Dr. Montessori’s claim that her educational method would become the foundation for a more peaceful world is difficult to test. It does however invite an investigation by mimetic theorists. With its understanding of the dynamics of rivalry, the mimetic theory can diagnose where the Montessori Method is liable to fail. What the Montessori education system offers mimetic theory is a living laboratory in which to study the intentional development of healthy patterns of desire. Such a dialogue will be fruitful for both (Ross, 2012). Experiments and Findings
Maria and many schools practicing her philosophy have conducted many experiments testing her educational methods. According to (Harris, 2005) in a study carried out by Clifford & Takacs (1991), graduates of the Montessori Head Start program at the Marotta Montessori School of Cleveland who had entered the Cleveland Public Schools (CPS) were studied with their nonMontessori CPS peers. The comparisons showed the former Montessori students consistently fared better in math. In addition to this work, Boehnlein (1990) cited that low socioeconomic status children benefited significantly from Montessori preschool.
Other studies confirm these results. Dr. Tim Duax (1989) studied the 1987 and 1988 graduates of MacDowell School, a Milwaukee public school Montessori program, and ages 4 to 11. Of these students, the standardized test scores (lowa Test of Basic Skills) of 84 percent of MacDowell graduates were above the 50th percentile, exceeding national norms. Nationally, 23 percent of students scored in the “high achievement” range; 44. 5 percent of MacDowell graduates scored in that range. And while 23 percent of their peers nationally scored in the “low achievement” range, only 1. 2 percent of MacDowell graduates scored in that range.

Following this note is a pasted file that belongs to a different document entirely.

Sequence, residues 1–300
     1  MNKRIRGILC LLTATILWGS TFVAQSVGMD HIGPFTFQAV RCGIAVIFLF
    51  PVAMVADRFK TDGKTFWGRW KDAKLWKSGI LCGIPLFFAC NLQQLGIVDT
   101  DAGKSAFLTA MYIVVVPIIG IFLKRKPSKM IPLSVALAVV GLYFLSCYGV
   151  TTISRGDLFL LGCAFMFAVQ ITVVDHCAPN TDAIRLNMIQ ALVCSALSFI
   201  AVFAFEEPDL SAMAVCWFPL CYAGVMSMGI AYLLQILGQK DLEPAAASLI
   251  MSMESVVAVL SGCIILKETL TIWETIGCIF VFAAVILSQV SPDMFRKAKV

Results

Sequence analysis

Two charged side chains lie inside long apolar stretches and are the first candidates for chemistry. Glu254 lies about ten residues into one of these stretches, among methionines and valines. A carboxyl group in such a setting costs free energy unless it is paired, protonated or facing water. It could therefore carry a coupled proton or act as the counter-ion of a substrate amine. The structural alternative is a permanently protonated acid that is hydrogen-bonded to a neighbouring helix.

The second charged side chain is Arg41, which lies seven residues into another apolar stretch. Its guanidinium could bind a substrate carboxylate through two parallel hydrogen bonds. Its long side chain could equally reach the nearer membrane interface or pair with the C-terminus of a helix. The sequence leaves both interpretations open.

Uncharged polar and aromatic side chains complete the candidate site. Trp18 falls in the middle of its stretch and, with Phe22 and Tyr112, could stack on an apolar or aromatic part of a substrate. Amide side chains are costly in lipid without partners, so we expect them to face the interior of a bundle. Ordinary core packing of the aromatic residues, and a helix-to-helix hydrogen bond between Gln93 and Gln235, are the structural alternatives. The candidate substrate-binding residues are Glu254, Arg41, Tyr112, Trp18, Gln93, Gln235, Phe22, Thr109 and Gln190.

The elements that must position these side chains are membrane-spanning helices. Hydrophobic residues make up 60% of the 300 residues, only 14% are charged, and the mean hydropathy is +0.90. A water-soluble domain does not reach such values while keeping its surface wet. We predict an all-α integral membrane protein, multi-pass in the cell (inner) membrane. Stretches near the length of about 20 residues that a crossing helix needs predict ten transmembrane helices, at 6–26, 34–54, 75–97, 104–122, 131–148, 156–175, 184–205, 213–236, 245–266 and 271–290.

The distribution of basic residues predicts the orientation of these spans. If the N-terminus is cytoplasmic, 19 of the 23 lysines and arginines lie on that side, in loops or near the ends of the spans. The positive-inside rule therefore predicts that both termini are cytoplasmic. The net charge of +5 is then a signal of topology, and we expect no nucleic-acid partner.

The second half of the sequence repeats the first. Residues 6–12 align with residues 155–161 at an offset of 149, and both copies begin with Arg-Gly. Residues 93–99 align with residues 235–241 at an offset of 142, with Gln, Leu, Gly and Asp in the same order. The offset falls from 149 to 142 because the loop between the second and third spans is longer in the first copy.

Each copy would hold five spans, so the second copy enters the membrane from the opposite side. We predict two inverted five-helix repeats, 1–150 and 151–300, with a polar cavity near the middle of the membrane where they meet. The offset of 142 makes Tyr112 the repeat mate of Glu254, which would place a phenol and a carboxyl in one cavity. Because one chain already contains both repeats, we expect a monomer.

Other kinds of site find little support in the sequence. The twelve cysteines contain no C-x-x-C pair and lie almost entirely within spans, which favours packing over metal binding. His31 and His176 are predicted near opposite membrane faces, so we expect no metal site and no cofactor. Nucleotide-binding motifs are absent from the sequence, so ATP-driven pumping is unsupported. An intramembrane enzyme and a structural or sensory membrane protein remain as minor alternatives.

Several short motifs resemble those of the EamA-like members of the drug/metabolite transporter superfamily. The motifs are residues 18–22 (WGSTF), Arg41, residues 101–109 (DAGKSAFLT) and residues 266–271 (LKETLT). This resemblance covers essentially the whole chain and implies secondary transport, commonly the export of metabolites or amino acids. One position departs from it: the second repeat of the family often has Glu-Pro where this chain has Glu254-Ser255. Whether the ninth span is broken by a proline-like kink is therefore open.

Students in Montessori middle schools reported more positive motivation and experience than a matched sample of students from traditional middle schools (Rathunde & Csikszentmihalyi, 2003). Five Montessori schools from four U. S. states participated in the study encompassing all social class levels. Rathunde et al. (2003) followed up with an article that put Montessori’s rich understanding of the prepared environment in tandem with contemporary thought in both education and developmental psychology (Harris, 2005). Historical Trends. Maria Montessori was inspired by children but more so to those in poverty or suffer from mental illnesses.
She observed her methods and seen the results first-hand. Convinced of her work she traveled around the world sharing her ideas and methods. Although, her methods were not immediately used, recently they have become a part of many schools curriculum. Maria’s work has now been translated into 20 different languages and taught by teachers of various backgrounds. Notable Characteristics. According to (Bagby, Sulak, 2013) Montessori’s development of interpersonal and intrapersonal skills through work complements current research in leadership development.
Practicing leadership inside and outside the classroom, students learn to be leaders (Posner, 2009). Many pupils in the Montessori classroom may be unaware of their ongoing leadership development because it is often a part of the hidden curriculum (Bagby, Sulak, 2013). For instance, students in a Montessori classroom will serve as class leaders and run class meetings without assistance from teachers. Also, older students serve as leaders for younger students in multiage classrooms. Montessori students practice leadership within the classroom on a daily basis, often without realizing the benefits (Bagby, Sulak, 2013).